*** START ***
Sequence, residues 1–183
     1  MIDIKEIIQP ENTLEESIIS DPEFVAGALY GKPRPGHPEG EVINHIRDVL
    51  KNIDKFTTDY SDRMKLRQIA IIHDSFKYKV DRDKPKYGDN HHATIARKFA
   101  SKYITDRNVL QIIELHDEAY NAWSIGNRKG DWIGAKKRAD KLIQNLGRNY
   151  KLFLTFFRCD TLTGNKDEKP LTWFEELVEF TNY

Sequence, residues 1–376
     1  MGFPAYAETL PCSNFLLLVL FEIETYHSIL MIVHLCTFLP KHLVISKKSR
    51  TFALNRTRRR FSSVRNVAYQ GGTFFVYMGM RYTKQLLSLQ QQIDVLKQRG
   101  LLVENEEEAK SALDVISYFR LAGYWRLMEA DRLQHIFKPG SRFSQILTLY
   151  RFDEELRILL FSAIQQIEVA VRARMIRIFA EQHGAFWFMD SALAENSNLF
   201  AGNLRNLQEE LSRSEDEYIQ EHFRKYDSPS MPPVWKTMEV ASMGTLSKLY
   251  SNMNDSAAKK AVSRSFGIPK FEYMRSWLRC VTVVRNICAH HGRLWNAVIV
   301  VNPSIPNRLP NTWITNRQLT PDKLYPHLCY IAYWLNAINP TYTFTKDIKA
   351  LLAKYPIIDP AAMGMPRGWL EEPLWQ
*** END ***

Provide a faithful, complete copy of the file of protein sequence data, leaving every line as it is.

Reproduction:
Sequence, residues 1–183
     1  MIDIKEIIQP ENTLEESIIS DPEFVAGALY GKPRPGHPEG EVINHIRDVL
    51  KNIDKFTTDY SDRMKLRQIA IIHDSFKYKV DRDKPKYGDN HHATIARKFA
   101  SKYITDRNVL QIIELHDEAY NAWSIGNRKG DWIGAKKRAD KLIQNLGRNY
   151  KLFLTFFRCD TLTGNKDEKP LTWFEELVEF TNY

Sequence, residues 1–376
     1  MGFPAYAETL PCSNFLLLVL FEIETYHSIL MIVHLCTFLP KHLVISKKSR
    51  TFALNRTRRR FSSVRNVAYQ GGTFFVYMGM RYTKQLLSLQ QQIDVLKQRG
   101  LLVENEEEAK SALDVISYFR LAGYWRLMEA DRLQHIFKPG SRFSQILTLY
   151  RFDEELRILL FSAIQQIEVA VRARMIRIFA EQHGAFWFMD SALAENSNLF
   201  AGNLRNLQEE LSRSEDEYIQ EHFRKYDSPS MPPVWKTMEV ASMGTLSKLY
   251  SNMNDSAAKK AVSRSFGIPK FEYMRSWLRC VTVVRNICAH HGRLWNAVIV
   301  VNPSIPNRLP NTWITNRQLT PDKLYPHLCY IAYWLNAINP TYTFTKDIKA
   351  LLAKYPIIDP AAMGMPRGWL EEPLWQ